The profits of the country's banks have fallen by more than a quarter over the past year amid the COVID-19 pandemic, a fall in margins because of low interest rates and higher costs.
Business advisory firm KPMG's latest Financial Institutions Performance Survey for 2020 showed bank profits fell 28 percent on the year before to $4.1 billion, the biggest annual fall in a decade.
KPMG head of banking and finance John Kensington said the banks were in strong financial shape going into the crisis and the impact on their finances was to be expected, but they had fared better than feared because of the strength of recovery in activity.
"They went into it in good shape, but also a lot of the risk resides on the government balance sheet at this stage. The government did a lot such as the wage subsidy which was easy to get ... and it was of an amount that tided people over, which allowed people to keep jobs and most businesses been able to hold on to their staff."
The report put the amount put aside for bad and doubtful debts at $1.47b from $390m, a rise of 275 percent.
However, Kensington said the final cost might not be that high, given the rebound.
"Perhaps some banks will now look at the level of their provisioning and whether or not they have taken too much for what has now transpired so far, although that doesn't mean the situation can't get worse, but it could equally get better."
Interest rate margins - a measure of profitability - fell 14 basis points (0.14 percent) to 1.96 percent, reflecting the fall in interest rates.
Banks' operating expenses also rose sharply, by 9 percent, as banks took on staff and updated systems. Lending across the industry rose 3 percent, just under the growth of the previous year's growth.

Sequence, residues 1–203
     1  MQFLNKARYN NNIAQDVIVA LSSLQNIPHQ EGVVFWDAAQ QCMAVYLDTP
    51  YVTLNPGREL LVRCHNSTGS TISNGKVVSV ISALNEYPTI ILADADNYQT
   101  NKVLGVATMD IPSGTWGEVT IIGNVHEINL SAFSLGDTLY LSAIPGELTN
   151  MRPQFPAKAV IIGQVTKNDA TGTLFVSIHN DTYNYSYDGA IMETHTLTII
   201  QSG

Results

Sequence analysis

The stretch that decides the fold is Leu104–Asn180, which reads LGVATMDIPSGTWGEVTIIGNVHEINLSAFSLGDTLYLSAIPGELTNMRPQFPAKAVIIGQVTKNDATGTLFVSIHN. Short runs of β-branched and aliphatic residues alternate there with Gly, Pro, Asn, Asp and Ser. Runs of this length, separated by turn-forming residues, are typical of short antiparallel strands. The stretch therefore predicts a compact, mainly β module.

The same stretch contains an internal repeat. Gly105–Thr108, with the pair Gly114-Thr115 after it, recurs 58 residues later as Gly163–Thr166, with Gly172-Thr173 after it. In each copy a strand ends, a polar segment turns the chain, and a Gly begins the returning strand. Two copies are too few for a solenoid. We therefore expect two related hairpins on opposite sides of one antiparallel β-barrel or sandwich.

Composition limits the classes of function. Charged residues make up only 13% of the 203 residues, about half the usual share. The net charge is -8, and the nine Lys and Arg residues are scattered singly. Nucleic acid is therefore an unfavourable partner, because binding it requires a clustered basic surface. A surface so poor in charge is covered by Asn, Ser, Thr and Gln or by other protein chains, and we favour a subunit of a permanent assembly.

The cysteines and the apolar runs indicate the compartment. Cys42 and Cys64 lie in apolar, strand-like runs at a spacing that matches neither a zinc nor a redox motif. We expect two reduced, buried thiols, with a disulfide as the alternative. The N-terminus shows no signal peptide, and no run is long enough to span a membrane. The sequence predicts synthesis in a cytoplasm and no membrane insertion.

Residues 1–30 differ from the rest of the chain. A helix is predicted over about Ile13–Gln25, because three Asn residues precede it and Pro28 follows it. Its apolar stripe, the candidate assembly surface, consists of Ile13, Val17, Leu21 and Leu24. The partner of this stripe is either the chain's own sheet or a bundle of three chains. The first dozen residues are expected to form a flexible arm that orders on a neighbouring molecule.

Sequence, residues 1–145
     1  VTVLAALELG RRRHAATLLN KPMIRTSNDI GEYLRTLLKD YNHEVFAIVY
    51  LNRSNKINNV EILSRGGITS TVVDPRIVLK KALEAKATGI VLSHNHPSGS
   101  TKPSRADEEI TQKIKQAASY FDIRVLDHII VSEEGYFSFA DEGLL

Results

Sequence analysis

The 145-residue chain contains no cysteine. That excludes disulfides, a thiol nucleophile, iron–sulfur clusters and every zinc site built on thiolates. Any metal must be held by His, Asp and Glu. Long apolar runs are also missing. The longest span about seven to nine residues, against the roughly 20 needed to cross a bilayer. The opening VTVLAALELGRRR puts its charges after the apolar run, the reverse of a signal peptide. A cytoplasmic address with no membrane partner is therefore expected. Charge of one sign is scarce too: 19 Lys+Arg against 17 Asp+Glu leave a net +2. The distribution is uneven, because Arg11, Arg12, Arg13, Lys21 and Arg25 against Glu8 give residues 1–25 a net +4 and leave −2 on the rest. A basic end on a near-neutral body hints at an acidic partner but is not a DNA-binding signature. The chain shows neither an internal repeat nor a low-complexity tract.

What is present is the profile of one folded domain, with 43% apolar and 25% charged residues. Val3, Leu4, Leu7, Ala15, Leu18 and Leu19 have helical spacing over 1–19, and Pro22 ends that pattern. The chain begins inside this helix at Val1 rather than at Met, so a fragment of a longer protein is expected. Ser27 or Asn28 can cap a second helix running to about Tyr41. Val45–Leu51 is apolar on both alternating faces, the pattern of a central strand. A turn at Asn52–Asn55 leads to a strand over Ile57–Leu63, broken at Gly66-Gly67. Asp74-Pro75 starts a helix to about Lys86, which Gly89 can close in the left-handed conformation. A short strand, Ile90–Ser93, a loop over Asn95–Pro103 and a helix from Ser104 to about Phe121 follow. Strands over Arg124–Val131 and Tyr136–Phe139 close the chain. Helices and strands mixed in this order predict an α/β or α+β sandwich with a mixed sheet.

The big four Australian owned banks - ANZ, ASB, BNZ, and Westpac - continued to dominate the sector holding close to 90 percent of business, with Kiwibank a distant fifth.
The new normal
Kensington said the banks had done well to support customers and try to live up the Reserve Bank's exhortation to be "courageous" in their lending.
He said it was understandable that at a time of crisis they had exercised some caution, which accounted for anecdotes of difficulty some businesses reported in getting loans.
"The difference between now and the GFC (global financial crisis of 2008/09) that there has been enormous government support and banks are now part of the solution."
But he said banks would have to adapt to new rules being brought in by the RBNZ, and their focus should be on looking to change for new circumstances.
"Climate-related reporting will be another area of change for banks. Other emerging threats include cybercrime. The need to exhibit diversity and inclusion and the continued pressure on conduct and culture aspects should also be on the radar."